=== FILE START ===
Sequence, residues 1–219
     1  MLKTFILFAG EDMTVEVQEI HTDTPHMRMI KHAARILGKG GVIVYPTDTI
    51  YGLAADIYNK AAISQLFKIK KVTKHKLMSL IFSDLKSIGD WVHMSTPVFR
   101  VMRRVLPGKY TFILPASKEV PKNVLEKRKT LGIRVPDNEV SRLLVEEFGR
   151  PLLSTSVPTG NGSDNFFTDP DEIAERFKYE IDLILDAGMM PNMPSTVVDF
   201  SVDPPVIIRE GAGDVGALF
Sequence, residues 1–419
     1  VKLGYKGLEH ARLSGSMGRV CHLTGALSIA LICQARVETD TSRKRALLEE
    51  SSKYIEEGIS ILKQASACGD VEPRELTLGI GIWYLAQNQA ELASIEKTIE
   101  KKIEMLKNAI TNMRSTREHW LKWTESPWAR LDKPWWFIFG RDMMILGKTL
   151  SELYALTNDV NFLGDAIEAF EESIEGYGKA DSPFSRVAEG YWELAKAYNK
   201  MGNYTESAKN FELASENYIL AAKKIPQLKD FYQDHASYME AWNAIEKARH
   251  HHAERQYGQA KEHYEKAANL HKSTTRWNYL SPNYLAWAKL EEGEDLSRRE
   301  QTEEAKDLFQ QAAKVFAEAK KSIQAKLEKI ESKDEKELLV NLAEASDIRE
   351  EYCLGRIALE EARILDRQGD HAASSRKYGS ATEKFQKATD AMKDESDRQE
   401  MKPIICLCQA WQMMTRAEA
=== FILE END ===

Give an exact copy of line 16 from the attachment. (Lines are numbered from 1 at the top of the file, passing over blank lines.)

   401  MKPIICLCQA WQMMTRAEA